Sometimes I think we overemphasize the name of the job we’re looking for. Besides that, we also have students who invent their own jobs. They create jobs that have never existed. So I would say focus more on who you want to be. What kind of environment you want to be in, what kind of people do you want to work with. Let’s say, for example, that I got a degree in something else. I think I would still be in the people business. I’m meant to do that. And also focus on places where you can feel authentic and be yourself. They may not have the name or job titled connected to it.
What do you think that you would be doing if you weren’t a teacher?
Something in the people business. Maybe social work. Physical therapy. Something where I can interact with people. I do have a love for the arts, so I do have a feeling for that. The two courses that I teach involving the arts don’t focus on any particular art form, they focus on them all. One of them is how to integrate the arts into the elementary classroom. And because of that, I don’t want to emphasize one art form over another.
I don’t want to tell little kids that if you are a mover, that somehow dance is less important or valid than music. If you’re someone who lives in their imagination, that somehow acting has less cache than visual arts. So, I integrate all of them.
I teach a PCA where I try to integrate all of them there, although we do emphasize visual arts a little more there. But personally, I think music is the one that I connect to the most. I’ve been to so many concerts. My taste in music is so broad. I gravitate to the new in life. I love meeting new people. I love going to new places. I used to seek out teaching new classes regularly. My wife and I will go to hear Arabic singers, we’ll go to hear singers from the Dominican Republic, country music and hip hop, classical music and opera. I like all genres.
With your love of the new, does that mean you get bored, or is it the adventure part that really appeals to you?
Both. Like in teaching, there have been a lot of challenges with the pandemic. I mean, talk about getting the creative juices flowing. As someone who is committed to learning through experience, trying to create authenticity really got my creativity flowing.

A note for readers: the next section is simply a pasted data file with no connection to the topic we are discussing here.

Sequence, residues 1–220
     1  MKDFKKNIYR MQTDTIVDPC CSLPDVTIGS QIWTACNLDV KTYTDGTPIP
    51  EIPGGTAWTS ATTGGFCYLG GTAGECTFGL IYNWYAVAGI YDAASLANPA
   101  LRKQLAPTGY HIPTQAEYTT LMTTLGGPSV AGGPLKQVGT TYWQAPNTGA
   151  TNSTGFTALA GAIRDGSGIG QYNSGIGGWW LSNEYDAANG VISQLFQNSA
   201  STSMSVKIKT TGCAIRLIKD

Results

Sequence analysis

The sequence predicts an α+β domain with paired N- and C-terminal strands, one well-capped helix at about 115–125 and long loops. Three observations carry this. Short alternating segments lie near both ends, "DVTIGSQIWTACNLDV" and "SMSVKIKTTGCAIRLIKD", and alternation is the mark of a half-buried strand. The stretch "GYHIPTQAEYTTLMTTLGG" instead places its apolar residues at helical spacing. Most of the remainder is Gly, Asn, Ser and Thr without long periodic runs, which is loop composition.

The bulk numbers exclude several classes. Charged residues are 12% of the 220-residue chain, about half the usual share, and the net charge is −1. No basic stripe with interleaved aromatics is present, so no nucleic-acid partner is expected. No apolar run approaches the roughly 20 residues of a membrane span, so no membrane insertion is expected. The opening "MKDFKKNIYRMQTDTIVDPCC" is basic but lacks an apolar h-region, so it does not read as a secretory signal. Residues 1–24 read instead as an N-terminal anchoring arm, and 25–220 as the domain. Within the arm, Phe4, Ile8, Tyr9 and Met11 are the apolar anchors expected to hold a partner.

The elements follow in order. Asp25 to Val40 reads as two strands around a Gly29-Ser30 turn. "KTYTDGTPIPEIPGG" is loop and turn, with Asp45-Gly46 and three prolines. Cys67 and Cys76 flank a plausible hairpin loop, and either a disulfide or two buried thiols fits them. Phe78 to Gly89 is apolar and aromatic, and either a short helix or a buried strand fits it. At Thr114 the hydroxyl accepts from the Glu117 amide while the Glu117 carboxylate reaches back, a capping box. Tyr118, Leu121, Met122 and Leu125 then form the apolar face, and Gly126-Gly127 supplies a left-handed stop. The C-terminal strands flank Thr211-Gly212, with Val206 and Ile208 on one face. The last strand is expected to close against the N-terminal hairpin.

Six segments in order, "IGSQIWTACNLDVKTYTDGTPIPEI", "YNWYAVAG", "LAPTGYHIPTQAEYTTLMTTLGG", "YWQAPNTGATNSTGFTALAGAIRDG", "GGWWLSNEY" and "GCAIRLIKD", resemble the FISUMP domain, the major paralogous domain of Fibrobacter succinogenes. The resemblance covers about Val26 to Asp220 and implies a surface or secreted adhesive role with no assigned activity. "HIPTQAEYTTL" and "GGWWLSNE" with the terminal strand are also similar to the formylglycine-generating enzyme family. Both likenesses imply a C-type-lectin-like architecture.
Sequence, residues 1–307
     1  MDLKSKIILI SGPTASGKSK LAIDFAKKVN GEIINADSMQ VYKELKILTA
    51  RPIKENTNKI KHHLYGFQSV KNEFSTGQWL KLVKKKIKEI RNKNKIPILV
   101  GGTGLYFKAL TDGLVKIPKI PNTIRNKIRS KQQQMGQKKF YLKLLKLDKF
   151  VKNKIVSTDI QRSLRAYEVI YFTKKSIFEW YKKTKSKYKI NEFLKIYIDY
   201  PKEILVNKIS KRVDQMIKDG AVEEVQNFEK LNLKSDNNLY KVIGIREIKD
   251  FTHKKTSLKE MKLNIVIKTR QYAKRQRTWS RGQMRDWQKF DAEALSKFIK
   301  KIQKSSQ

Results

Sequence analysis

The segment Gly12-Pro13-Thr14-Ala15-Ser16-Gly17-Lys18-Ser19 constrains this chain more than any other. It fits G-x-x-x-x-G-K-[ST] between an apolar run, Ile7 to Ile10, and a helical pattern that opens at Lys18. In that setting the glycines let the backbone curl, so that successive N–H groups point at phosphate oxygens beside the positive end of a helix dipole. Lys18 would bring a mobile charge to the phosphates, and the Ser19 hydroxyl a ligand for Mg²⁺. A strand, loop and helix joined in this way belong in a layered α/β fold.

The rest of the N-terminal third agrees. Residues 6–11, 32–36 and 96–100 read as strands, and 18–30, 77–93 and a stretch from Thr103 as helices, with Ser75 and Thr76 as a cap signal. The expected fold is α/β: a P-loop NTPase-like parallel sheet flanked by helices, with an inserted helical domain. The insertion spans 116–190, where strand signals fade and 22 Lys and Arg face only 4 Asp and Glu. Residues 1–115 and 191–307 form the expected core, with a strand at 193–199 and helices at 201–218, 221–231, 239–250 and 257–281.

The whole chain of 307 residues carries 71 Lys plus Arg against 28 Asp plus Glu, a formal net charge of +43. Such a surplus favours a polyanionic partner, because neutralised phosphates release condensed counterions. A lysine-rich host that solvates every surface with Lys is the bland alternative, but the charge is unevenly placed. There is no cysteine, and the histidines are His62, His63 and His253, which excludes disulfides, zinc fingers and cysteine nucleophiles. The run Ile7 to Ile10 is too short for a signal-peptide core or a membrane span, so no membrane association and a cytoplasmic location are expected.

Even when I was face to face, I changed half the courses I would teach every year. I also think you are going through something new with the students, so they’re vulnerable. They’re always the vulnerable party. So I want to keep this dynamic tension of not knowing what’s going to happen with them.
When I bring students out with me to work with alum, it’s completely new every semester. And then we co-construct with the third graders, with the college students. It’s not always exactly how you plan it, but that’s what you get in the professional world with any major.
Do you consider yourself a lifelong learner? Is that something that you seek out?
I do. And I think that in a way, I build it in through obvious ways, but also by pushing myself to have these new experiences all the time. Coming from alums and being out in the world and the challenges that come with that.
So you frequently push yourself out of your comfort zone?
Yes, in a way I would say that’s my comfort zone.
I guess then your comfort zone is never a barrier for any experience that you want to have.
Yes, I always think, ‘well, think of all the things that we are asking you to do.’ We are asking you to be vulnerable. If I ask you a question in class, and you have to raise your hand and think of something. We might be giving you a test and you might be nervous. At every step of the way we are asking you to be vulnerable.
And so living in that, and walking with you. Am I standing in front of you or am I walking with you, and I prefer to walk with my students. I always worry when I start feeling like I’m an expert, or if I start acting like an expert. I want to feel like I’m learning with you. I’m not truly as vulnerable as the student because I have stumbled so many times that I am used to the stumbling.
Do you think that teachers need more support emotionally?
I think they do. Anything that we do in life that involves being vulnerable, frequently what happens is that people don’t want to talk about their vulnerability. I would include anybody who works with people in that. People often have a tough time sharing about that. And in my experience with teaching, teachers are such givers and they’re so focused on that that they don’t have time for self care.
I always ask the question of who’s nurturing the nurturers. Teaching is not just about the teacher thinking that we use, it’s also about the teacher feeling.